Tuesday, November 03, 2009

Superconducting Rings and Early Development of the Universe

I'll sound like a broken record (how many would know that expression anymore?) but I'll say it again that condensed matter physics can be as "fundamental" as any area of physics. I've said this many times previously, and now we have another clear example of that.

This article reviews a recent paper that appeared in PRL. It appears that one can look at the superconducting phase transition in metal rings and gain quite an insight into the rapid cooling of our early universe.

Watching a metal transform into a superconductor, it may not be obvious that this transition provides access to some of the same physics that governed the cooling of the universe following the Big Bang. Yet at the root of both of these phenomena—albeit at astronomically different energy scales—is the question of how defects form in a continuous phase transition. In a paper appearing in Physical Review B [1], Roberto Monaco at the Universit√† di Salerno in Italy, Jesper Mygind at the Technical University of Denmark, Ray Rivers at Imperial College London, UK, and Valery Koshelets at the Russian Academy of Science in Moscow have taken ideas about the early development of the universe and applied them to the dynamics of the superconducting phase transition in metal rings. In doing so, they introduce an elegant way to measure the tiny flux quanta that are trapped at the centers of these rings, and develop a new understanding of how the cooling process works in mesoscopic systems.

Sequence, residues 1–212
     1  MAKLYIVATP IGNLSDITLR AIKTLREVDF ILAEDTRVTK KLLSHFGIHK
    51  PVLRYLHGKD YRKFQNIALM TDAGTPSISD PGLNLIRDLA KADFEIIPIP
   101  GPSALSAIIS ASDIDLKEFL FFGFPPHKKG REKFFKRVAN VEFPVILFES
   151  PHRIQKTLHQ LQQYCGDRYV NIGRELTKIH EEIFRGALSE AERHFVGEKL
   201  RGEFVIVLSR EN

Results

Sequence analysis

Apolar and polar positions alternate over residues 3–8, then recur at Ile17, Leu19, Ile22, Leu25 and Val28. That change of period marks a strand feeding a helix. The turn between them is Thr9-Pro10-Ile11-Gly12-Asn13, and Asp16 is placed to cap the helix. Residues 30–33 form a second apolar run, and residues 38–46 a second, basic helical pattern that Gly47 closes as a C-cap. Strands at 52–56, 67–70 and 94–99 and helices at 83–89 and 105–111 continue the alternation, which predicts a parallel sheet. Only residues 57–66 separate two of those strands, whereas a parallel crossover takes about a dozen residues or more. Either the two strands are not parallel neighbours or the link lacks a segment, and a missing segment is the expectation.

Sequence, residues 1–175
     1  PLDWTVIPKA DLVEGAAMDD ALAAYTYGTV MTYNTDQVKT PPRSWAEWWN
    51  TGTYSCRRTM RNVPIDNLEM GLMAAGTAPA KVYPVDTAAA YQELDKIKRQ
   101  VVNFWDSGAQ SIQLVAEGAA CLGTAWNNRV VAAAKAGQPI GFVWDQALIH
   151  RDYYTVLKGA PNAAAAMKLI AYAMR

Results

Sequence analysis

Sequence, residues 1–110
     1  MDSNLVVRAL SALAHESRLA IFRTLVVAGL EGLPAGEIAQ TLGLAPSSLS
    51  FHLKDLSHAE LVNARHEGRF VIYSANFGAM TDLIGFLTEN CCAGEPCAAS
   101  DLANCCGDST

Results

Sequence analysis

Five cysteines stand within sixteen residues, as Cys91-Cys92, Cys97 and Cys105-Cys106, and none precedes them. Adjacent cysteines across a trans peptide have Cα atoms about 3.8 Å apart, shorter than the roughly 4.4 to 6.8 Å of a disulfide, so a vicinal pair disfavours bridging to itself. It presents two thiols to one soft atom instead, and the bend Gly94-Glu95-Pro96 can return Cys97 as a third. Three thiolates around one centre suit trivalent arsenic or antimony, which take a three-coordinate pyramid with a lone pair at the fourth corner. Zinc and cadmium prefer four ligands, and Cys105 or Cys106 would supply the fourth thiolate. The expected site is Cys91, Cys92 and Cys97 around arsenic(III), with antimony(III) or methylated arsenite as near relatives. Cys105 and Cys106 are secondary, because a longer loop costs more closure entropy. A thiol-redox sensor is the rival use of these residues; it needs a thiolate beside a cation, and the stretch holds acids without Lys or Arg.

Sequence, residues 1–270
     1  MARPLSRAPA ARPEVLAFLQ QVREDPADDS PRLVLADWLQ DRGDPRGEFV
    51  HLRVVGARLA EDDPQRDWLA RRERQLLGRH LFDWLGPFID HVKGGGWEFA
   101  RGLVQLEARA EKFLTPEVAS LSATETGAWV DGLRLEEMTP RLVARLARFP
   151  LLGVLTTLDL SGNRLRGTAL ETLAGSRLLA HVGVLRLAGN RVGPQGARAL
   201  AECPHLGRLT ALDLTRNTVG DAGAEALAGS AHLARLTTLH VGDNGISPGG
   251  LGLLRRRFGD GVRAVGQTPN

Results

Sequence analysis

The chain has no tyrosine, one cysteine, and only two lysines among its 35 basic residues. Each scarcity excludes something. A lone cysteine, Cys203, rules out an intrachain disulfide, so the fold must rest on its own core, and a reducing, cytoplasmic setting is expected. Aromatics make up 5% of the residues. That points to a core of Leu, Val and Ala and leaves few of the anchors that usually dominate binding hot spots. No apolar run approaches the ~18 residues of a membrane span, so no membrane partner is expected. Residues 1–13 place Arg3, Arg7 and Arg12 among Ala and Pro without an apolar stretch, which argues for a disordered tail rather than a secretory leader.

I'm a sucker for such a paper. :)


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